'In the final fade-out, what the body is, what we hear in Barthes’s “grain of the voice,” is the not-body, the decomposition of the body. We were never “composed” except in some Platonic dream of hi-fi recording, or in the fantasy of digital remastering. Was there ever a mastering to begin with? What are we masking in the tape, except some backwards melody bringing us back to the source of all life-death? The radiophonic system-tape and razor, mike and mixer, transmitter and receiver-must always have an Emergency Broadcast System. This repressed double of the broadcast system, only returning with a vengeance in the threat of total destruction by catastrophic weather or the nuclear bomb, is contained in a test, only a test, a recorded tone of fixed duration. The composition of this tone is unsettling, and its repetition a denial of the constant reality of radiation and weathering which takes the body away, quanta by quanta, even as one hears the false subjunctive of “if this were an actual emergency.” In a way, to “picture” this quantum reality of the body, one receives an image that resembles the image of consciousness, but also an image of war. Free of the body and emergency, both consciousness and words in freedom-which remain when the body and its voice are gone-give the taste of constant death. The voice, however, though constantly “signing-off” (the broadcast version of the swan song) and longing to merge with its metaphysical allies, articulates living presence on dead air. “Just one great squawk and then ... peace” [...].'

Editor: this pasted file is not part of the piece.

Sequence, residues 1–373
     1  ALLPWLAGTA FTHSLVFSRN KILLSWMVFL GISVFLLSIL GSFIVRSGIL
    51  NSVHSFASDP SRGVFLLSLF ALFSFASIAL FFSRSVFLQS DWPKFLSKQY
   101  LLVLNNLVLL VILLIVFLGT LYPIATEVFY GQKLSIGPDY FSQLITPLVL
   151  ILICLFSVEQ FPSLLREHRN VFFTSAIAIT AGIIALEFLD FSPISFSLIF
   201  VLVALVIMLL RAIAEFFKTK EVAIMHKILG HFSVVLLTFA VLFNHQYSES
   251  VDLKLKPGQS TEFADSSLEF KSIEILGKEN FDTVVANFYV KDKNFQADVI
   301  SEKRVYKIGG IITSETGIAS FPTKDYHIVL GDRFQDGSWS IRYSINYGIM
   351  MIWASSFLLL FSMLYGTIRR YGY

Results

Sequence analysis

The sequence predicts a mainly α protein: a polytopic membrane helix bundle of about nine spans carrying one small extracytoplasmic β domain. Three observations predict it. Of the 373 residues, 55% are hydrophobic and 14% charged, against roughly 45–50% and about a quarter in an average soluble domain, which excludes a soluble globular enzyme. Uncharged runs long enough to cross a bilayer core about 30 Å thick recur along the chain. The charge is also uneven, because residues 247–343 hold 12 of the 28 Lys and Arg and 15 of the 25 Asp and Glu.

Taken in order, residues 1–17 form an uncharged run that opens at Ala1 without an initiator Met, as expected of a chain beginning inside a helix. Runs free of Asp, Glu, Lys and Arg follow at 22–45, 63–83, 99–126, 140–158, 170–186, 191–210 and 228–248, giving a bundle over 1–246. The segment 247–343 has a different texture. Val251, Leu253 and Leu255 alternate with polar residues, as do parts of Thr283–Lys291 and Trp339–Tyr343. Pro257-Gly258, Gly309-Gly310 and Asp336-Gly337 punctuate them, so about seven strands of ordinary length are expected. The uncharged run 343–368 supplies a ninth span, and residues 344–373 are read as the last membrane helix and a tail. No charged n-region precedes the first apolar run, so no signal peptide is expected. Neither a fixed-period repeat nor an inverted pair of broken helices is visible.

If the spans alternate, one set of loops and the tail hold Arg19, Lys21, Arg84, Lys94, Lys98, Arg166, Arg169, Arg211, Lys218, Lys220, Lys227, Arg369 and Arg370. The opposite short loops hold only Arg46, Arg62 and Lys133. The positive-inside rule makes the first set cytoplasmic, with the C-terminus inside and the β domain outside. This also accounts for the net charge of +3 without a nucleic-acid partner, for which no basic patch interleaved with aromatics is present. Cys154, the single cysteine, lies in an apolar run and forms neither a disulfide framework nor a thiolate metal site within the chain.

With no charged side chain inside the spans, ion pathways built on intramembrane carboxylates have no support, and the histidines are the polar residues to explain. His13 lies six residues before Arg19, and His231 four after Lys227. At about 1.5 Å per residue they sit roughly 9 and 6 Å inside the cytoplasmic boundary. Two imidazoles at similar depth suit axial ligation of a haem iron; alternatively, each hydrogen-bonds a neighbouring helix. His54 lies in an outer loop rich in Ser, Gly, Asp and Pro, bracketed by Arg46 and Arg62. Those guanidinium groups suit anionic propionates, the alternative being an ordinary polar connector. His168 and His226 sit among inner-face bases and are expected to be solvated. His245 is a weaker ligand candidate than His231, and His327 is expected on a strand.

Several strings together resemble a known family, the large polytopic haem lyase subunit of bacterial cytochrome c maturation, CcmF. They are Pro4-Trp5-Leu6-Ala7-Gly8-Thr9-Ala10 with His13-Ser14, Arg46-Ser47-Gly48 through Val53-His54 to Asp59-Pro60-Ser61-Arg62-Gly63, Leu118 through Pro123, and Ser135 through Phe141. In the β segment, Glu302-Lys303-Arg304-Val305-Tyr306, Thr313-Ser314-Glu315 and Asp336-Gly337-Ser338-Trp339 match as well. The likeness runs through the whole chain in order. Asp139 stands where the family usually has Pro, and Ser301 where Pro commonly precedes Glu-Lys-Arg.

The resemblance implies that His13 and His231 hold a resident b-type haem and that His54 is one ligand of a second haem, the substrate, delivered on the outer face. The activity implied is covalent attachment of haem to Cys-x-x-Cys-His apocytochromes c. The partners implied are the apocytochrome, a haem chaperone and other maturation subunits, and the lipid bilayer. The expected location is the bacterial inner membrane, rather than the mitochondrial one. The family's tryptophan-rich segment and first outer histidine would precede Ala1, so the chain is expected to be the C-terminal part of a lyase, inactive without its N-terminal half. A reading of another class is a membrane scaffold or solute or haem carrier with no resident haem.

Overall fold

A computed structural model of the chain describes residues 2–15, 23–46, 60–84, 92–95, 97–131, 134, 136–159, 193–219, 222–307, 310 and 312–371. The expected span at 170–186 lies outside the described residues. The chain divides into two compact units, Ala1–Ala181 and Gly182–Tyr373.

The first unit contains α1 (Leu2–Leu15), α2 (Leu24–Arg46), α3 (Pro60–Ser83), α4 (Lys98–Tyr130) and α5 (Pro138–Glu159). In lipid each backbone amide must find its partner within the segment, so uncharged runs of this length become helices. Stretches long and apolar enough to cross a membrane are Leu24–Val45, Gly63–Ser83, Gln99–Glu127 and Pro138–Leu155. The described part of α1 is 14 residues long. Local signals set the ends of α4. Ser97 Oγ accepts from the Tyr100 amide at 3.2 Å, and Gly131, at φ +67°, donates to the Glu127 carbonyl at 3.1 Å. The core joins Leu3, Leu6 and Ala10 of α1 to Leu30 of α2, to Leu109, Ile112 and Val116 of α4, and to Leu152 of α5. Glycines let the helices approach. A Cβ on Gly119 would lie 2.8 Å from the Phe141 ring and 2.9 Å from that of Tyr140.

Joe Milutis, 'Radiophonic Ontologies and the Avantgarde' from Experimental Sound and Radio, edited by Allen S. Weiss, publisher: The MIT Press

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